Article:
Lupe is known for his storytelling with tracks like "Kick, Push," which speaks to the existential crisis of the misfit and "Bitch Bad," which tackles the lofty subject of gender relations in hip-hop. But Lupe's greatest achievement in storytelling has been the abstract and epic saga of Michael Young History, a boy abandoned by his father, raised by metaphorical characters The Streets and The Game to eventually become The Cool. Though which of Lupe's songs touch on this tale is debated, it is generally accepted that the story begins on Lupe's debut, Food & Liquor with Michael's childhood on "He Say, She Say" and ends just a few tracks later with (spoiler alert) his resurrection on "The Cool." The meat of the story is stretched across his first two studio albums and possibly beyond containing at least six tracks and according to this interpreter, eighteen.
As far as storytelling is concerned, The Slim Shady LP is one of the greatest -- if not the greatest -- albums ever: "Brain Damage," "As the World Turns," "My Fault," "'97 Bonnie and Clyde," and especially "Guilty Conscience" are all creative and entertaining stories that would make the cut as nearly any album's token storytelling song. Eminem's very best story, though, didn't come until The Marshal Mathers LP with "Stan," a Shakespearean-level tragedy compressed into a less than seven minute song.
4. Notorious B.I.G.
Biggie had a way of luring you into his world effortlessly with his tone and voice and the ways he puts words together. His flow is conversational. So when he raps a story, it's like you're seated at a smoky poker table, and he's on the opposite end telling it directly to you. In "Somebody's Gotta Die," Big plays a gangbanger who gets caught up in the rush and ultimate tragedy of revenge. He raps "I Got a Story to Tell" about his affair with the girl of a Knicks player. It sounds like it's probably true.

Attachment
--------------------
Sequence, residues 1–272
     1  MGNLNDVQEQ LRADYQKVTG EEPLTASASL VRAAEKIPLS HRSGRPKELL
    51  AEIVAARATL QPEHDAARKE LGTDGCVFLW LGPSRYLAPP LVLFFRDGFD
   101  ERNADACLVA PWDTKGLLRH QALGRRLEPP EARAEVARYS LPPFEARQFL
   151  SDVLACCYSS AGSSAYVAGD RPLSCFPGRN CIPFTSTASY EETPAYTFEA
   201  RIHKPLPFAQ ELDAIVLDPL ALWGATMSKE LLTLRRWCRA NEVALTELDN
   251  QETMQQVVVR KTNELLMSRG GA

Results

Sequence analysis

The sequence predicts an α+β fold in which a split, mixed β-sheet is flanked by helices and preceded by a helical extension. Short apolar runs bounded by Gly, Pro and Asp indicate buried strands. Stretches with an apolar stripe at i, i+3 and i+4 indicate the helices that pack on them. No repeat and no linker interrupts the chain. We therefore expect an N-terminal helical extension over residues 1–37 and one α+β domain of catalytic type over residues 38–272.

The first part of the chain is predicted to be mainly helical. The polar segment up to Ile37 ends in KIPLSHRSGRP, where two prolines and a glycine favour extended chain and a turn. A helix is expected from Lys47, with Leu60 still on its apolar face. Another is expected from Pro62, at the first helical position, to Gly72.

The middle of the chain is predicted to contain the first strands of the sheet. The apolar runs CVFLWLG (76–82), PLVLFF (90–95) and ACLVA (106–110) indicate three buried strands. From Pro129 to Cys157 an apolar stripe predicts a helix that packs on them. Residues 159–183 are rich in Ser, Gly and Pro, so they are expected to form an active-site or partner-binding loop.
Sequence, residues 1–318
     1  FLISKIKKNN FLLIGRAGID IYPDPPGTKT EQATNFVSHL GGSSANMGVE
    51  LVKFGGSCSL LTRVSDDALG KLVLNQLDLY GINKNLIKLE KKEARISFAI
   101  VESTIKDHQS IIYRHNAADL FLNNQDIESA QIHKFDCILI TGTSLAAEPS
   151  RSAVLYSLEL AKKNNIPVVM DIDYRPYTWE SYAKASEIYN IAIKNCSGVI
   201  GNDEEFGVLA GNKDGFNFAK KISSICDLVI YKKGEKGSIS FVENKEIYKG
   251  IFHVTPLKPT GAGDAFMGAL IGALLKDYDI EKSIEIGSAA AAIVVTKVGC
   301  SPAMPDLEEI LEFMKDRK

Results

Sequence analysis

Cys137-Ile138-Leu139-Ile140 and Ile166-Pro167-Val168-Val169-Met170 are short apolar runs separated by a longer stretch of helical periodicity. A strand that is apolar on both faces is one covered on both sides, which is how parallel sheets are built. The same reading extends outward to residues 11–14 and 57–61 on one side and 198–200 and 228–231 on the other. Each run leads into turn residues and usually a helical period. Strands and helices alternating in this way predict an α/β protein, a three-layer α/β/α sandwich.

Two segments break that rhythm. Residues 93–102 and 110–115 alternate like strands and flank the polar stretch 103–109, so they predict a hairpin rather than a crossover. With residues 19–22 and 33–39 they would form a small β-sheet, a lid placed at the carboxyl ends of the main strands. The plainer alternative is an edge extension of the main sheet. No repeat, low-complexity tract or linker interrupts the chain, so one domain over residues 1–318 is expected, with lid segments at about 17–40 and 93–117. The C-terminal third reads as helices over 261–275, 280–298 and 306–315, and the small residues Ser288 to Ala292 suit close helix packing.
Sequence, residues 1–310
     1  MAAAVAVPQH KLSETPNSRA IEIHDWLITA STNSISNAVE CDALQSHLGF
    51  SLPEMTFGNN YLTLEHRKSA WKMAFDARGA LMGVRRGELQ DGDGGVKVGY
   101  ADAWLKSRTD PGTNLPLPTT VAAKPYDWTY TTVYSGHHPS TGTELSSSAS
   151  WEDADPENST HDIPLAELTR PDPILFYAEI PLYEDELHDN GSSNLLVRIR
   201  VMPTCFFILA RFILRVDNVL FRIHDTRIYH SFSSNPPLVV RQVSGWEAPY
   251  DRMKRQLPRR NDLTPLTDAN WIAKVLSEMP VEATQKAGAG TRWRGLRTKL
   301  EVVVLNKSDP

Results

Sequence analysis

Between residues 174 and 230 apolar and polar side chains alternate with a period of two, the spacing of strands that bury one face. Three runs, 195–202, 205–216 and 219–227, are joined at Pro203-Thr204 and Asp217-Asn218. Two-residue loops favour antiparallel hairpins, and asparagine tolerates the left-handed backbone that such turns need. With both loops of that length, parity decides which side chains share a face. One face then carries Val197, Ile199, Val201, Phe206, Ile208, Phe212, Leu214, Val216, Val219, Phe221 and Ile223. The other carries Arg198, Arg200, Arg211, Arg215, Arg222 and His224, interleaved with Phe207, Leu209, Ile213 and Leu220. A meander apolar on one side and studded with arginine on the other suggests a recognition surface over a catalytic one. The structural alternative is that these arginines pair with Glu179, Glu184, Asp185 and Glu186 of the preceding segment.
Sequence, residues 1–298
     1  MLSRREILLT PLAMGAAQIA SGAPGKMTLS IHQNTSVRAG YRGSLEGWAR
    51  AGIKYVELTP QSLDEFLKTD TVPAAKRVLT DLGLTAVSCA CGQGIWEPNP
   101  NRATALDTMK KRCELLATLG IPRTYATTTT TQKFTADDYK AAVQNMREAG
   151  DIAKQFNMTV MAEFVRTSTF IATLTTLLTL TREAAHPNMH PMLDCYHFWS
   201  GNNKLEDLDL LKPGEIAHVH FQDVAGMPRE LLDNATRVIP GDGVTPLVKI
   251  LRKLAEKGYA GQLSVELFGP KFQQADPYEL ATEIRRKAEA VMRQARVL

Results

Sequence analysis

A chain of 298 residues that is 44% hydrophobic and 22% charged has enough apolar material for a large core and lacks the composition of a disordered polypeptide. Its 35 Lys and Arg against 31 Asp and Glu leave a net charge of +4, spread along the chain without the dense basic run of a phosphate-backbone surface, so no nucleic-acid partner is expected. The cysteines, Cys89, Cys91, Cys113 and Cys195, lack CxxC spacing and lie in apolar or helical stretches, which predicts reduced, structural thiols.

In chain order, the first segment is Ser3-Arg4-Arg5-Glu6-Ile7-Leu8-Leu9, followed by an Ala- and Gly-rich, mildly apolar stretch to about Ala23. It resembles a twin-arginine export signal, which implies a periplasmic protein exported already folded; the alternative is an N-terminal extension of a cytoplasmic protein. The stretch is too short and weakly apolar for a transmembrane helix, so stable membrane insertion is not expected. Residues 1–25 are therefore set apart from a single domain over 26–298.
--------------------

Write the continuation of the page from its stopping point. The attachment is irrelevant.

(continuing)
3 Raekwon and Ghostface Killah
It was too hard to choose between these two as the storytelling rep from Wu-Tang, so we paired them, partially because a lot of their best storytelling is done together like on their album Only Built for Cuban Linx. These two give a cinematic quality to their rhymes thanks to the quirky details they provide, like in "Shakey Dog," when Ghostface describes two men "on the couch watchin' Sanford & Son, passin' they rum, fried plantains and rice, big round onions on a t-bone steak." It's as if a polished novelist wrote the scene.
Like the other East Coast rappers that grace this list, Nas has the uncommon ability to place images in his listener's mind, like in "NY State of Mind," when his gun fails to fire, it's like you can see the jammed gun in your own hand. What sets Nas apart from even the best storytellers is his creativity in creating unusual conceits like "Rewind," where he tells a story in reverse, or "I Gave You Power," where he speaks from the perspective of the gun, ascribing human qualities to it that are surprisingly powerful and resonant.
1. Slick Rick
If Rakim is godfather of the modern flow, Slick Rick is the godfather of the modern story rap. Although by now, there are rappers who can arguably tell a story better than Rick, nobody does it with the charismatic flair that Rick does, and nobody creates entertaining dialogue like he does. His debut album, The Great Adventures of Slick Rick, introduced mainstream hip-hop to long-form storytelling. The album boasts a variety of tales from Rick escaping kidnap to make it to a show to a brief encounter with a fine woman at a pizza shop to a cautionary tale about robbery framed as a bedtime "Children's Story" that has been imitated countless times both in name and in theme.